An acknowledged objective of critical-care medicine is a timely, accurate, readily deployable, cost-effective, and, importantly, safe means of assessing and/or monitoring critical aspects/parameters of patient condition such as intracranial pressure (ICP). However, ICP monitoring is complicated by a large set of variables related to the patients themselves — presented symptoms, circumstances, and related information indicating such measurement, and relevant accompanying issues. These conditions and the various combinations thereof present attending physicians with the choice of many alternatives regarding key parameters including, but not limited to urgency, availability, appropriability, and accuracy to a minimum standard. Cost, complexity, ease-of-use, and other issues are also meaningful factors, but the bottom line for any of the various technical approaches, whether invasive or noninvasive, is performance. Key to this technology is its capability to correlate closely with established tympanic membrane displacement (TMD) ICP monitoring technology.
This technology, and a product based on it, offers new analytical capabilities for assessment of intracranial dynamics. It offers the possibility for the monitoring of transcranial expansion and related physiological phenomena in humans resulting from variations in intracranial pressure (ICP) caused by injuries to the head and/or brain pathologies. The technology uses constant frequency pulse phase-locked loop (CFPPLL) technology to measure skull expansion caused by pressure and its variations in time. This approach yields a more accurate, more robust measurement capability with improved bandwidth that allows new analytical approaches for assessing the physiology of skull expansion under pulsatile cerebral blood flow. The dynamical quantities assessable with the CFPPLL include skull volume expansion and total fluid.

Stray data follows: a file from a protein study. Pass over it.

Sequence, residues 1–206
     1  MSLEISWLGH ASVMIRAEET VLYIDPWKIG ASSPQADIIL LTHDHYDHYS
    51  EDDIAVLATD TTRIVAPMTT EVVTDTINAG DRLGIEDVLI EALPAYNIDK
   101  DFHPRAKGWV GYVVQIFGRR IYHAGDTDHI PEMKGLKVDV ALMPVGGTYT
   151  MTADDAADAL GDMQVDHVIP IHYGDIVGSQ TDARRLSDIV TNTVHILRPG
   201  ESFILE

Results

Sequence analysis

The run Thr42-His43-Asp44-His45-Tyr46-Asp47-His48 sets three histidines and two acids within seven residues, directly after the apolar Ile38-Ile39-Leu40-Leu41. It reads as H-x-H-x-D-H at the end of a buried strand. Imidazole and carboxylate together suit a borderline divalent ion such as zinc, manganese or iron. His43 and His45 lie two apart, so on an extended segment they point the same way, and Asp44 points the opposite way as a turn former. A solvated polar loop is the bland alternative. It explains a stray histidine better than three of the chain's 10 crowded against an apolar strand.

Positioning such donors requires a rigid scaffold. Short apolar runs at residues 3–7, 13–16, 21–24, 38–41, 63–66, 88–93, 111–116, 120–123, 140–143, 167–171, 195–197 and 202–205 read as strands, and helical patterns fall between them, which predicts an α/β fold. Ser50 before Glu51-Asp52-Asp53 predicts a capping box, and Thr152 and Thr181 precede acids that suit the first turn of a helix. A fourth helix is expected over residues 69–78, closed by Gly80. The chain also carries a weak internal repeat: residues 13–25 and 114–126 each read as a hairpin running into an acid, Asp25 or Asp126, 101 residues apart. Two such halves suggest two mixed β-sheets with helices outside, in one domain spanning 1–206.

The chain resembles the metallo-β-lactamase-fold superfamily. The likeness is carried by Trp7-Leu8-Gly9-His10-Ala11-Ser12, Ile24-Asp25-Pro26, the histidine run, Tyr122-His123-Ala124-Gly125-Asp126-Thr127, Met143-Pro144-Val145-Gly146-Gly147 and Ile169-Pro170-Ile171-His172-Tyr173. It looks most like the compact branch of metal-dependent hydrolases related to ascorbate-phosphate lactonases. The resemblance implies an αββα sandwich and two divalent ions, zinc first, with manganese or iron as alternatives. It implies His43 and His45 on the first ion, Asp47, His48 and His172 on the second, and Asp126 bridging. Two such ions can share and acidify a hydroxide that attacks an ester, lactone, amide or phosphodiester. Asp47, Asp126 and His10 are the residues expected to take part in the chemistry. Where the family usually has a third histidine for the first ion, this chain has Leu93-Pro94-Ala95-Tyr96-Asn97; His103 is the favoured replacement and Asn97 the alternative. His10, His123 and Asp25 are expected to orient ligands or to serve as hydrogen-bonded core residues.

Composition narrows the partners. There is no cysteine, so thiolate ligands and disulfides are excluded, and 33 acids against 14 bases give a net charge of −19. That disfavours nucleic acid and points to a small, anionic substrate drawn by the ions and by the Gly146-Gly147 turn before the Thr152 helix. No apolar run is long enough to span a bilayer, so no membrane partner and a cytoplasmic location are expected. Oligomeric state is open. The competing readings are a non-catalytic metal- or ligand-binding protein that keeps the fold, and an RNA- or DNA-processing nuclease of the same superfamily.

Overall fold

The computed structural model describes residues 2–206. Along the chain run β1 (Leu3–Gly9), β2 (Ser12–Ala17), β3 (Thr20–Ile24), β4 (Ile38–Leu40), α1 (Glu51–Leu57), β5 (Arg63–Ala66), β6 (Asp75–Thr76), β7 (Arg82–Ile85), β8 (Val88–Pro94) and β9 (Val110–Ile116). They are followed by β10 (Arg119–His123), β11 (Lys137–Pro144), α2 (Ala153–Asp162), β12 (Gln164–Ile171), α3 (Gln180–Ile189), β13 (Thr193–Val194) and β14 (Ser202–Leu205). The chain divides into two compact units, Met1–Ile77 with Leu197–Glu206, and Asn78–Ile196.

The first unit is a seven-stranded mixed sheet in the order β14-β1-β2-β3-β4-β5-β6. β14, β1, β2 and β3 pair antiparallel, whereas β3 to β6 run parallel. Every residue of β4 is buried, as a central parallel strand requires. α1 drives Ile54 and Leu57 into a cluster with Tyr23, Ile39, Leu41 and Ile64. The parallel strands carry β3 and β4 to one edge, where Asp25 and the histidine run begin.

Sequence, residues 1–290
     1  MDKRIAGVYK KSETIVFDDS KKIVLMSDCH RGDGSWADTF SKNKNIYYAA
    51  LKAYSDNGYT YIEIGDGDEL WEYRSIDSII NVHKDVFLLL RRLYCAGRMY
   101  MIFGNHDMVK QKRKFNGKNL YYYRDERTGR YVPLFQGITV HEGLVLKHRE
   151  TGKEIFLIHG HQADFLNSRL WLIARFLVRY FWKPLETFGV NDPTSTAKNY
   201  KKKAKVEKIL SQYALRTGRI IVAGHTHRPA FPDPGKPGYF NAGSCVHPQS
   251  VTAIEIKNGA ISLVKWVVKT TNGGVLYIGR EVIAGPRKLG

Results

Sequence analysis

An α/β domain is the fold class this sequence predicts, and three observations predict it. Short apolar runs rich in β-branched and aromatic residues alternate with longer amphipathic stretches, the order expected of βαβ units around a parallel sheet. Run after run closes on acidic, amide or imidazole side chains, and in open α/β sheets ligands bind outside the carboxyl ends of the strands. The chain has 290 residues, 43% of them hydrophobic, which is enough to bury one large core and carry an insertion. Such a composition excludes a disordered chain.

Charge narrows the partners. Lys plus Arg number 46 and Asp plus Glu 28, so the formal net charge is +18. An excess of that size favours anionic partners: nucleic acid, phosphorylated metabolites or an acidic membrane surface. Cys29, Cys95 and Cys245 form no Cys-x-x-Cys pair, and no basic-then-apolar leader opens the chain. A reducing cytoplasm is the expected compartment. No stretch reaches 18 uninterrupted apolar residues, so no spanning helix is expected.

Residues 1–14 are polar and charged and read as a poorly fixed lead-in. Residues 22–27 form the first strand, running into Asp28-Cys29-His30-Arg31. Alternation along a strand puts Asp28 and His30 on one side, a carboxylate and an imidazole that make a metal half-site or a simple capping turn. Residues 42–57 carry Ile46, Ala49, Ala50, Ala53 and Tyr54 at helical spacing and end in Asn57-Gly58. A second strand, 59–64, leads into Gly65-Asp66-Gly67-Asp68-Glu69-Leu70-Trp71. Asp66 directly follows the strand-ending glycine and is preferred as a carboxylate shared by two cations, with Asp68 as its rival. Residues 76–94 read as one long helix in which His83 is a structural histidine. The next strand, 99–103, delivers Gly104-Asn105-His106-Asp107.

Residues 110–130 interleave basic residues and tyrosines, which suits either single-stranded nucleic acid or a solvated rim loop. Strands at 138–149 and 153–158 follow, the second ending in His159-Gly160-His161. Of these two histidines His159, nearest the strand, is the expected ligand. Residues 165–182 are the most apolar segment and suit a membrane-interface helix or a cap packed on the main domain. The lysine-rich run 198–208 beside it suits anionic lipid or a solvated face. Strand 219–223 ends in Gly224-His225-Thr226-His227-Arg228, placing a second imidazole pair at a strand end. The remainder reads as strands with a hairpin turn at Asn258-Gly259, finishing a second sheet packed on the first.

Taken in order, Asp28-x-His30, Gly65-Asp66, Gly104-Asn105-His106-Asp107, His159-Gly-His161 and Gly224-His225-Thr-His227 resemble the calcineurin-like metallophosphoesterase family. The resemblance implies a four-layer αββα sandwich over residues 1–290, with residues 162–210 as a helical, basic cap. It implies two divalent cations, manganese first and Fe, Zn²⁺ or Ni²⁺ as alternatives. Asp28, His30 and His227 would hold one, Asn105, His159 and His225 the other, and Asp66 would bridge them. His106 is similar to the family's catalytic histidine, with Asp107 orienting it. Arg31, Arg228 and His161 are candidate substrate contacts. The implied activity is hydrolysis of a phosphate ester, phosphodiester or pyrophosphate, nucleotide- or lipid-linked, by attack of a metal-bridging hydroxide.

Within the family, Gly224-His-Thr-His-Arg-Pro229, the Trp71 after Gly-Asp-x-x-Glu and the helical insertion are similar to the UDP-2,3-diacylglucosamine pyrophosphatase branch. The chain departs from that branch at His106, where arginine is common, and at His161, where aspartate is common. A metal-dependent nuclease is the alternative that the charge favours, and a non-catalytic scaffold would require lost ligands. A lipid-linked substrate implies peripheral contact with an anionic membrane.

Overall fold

Such an instrument can serve to measure intracranial dynamics with equation-based algorithms, and offers a path to measure or determine quasistatic ICP, along with the pulsatile-related ICP increments. Supportive measurements, such as time-dependence of arterial pressure waveforms, together with time-dependent phase change of transcranial expansions, can serve as the basis of noninvasive techniques to measure ICP.